Patience is bitter, but its fruit is sweet.

Patience is bitter, but its fruit is sweet.Jean-Jacques Rousseau

patience

Ooooh, cookie, I can’t wait, I must eat it now! / But will taste better after it’s baked. / But I want it now!

What does that mean?
This quote starts describing patience, and assigning it a flavor. A very strong and not very pleasant flavor. A flavor to which we can relate.

Bitter, in tiny amounts, can provide contrast, but it isn’t usually something you would want regularly. But, in the context of the quote, it has a reward.

By enduring the bitter, we are to be rewarded with a fruit which is sweet. What exactly it is depends on what we are being patient, and how patient we are.

By waiting, delaying, and anticipating, we build a tension. By waiting, we can allow things to develop into something sweet. Most fruit, before they are ripe, are bitter, which helps anchor the quote in our minds and mouths.

Why is patience important?
Fruit isn’t the only thing worth waiting for. There are many things in life that take time. While cookie dough, to me at least, tastes as good as the baked cookies, most things get better if you can wait long enough to let them develop into something even better. And it’s a lesson I have to keep repeating.

Without patience, we move too quickly, start before we are ready, or get something before it is ready. And all too often, we simply cannot get it until it is done, and patience is forced on us. The question then becomes well do we wait? I don’t wait very well, despite years of practice, but I’m getting better.

If we have patience, or can muster at least a little of it, the time we wait doesn’t seem so bad. If we lose our patience or don’t have any in the first place, we end up becoming cranky, upset, emotional and otherwise unhappy. Why? Because we don’t yet have it, whatever it may be.

Patience is how we should greet the inevitable, the unavoidable and the inescapable. With patience, it becomes bearable. Without patience, it becomes unbearable. And in the end, it’s up to us to make the choice, and stick with it for as long as we can.

Where can I apply this in my life?
Patience is a habit. It’s a muscle that needs to be used to become stronger. If you don’t use it, you tend to lose it. And, at least in my opinion, it starts with attitude. What is your attitude towards waiting? How patient are you? If you can wait just a few seconds longer, the habit becomes stronger.

How long can you wait before attacking that cookie, or whatever your favorite food might be? What about your favorite activity? Can you wait for the end of the day? Can you wait for the weekend? Can you wait for a vacation? Or do you have to call in sick and start doing it right now?

Could you use a little more patience? Just practice, right? You can start with small things, like waiting another day before ordering that thing you saw online and just have to have. You can wait another 30 seconds before gobbling up your favorite dessert. Yes the delay is bitter, but the fruit is sweet.

I’ve been impatient a lot lately. I just started a new job, and nothing seems to be moving quickly. Everything takes too long. It’s just not fair. And that, for me at least, is the root of the problem. My primary problem with patience is my presumption that just because things could go faster, they should.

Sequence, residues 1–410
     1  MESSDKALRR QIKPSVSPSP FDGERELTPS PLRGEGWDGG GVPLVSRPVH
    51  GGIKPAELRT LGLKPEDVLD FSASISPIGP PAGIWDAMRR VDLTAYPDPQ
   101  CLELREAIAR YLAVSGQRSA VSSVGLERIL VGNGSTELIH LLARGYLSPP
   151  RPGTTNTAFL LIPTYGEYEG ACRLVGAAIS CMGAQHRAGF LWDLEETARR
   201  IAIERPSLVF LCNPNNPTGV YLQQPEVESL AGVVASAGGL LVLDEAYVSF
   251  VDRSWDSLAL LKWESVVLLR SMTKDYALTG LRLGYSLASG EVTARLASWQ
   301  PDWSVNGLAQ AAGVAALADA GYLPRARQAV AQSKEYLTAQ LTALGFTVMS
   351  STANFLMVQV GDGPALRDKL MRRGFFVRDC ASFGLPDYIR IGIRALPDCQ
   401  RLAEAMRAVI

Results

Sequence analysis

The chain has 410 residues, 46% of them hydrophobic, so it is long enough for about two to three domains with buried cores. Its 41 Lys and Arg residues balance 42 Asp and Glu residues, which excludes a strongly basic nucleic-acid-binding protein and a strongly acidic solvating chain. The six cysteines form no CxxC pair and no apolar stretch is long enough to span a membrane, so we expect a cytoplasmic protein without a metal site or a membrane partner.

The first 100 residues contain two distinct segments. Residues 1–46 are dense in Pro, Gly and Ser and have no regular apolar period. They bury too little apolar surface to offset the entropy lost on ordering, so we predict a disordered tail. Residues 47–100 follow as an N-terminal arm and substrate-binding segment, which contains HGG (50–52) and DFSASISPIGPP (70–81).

Take a moment and consider situations where you have trouble being patient. Is it with your kids, your neighbors, your favorite snack, or…? Grab some paper and write down a couple of these situations. Now look at each and consider what is at the root of it. Why can’t you be patient, or what wears thin and then breaks your patience?

Do your issues come down to your attitude? Yes, you want it, and you want it now, but why do you think you should have it, and have it right now? What’s wrong with half an hour from now? What’s wrong with tomorrow? If you can find the why, you will soon see the how which will allow you to better work on your patience.

I have to remind myself that life isn’t fair. Just because someone else has a nicer car doesn’t mean I have to get one right now. Life isn’t fair, and everyone has different priorities. I’m choosing to do other things with my money, and hope the fruit of retirement is sweeter than that shiny new car.

We all have things in our lives which try our patience. What will you do today to better your patience? It won’t get better by itself.

From: Twitter, @philosophy_muse
confirmed at : 4th from the bottom (disputed)
photo by Ginne

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2 Responses to Patience is bitter, but its fruit is sweet.

  1. Lar Bowe 28 January 2016 at 4:25 pm #

    How long can you wait before attacking that cookie, or whatever your favorite food might be? What about your favorite activity? Can you wait for the end of the day? Can you wait for the weekend?
    Some good examples of “patience” i.e. “cookie” or activity over which we can exercise “control” But can we really call it ” patience” when it or they are not within our control i.e. “time”?

    • philosiblog 1 February 2016 at 4:13 am #

      Thanks for stopping by and asking a few questions.

      The premise of your questions, if I understand correctly, is that there are some constraints which force us to wait. You can’t buy that shiny new car until after the dealer opens up. Things like that. In those cases, patience is forced on us. It is external rather than internal in nature. That doesn’t make us any less frustrated, anxious or desirous of what we don’t have. I believe it can still be a tool to help us build our strength, build our patience. But I do believe that it is useful to distinguish between external and internal limits.

      Ultimately, patience has to be developed as an internal strength.

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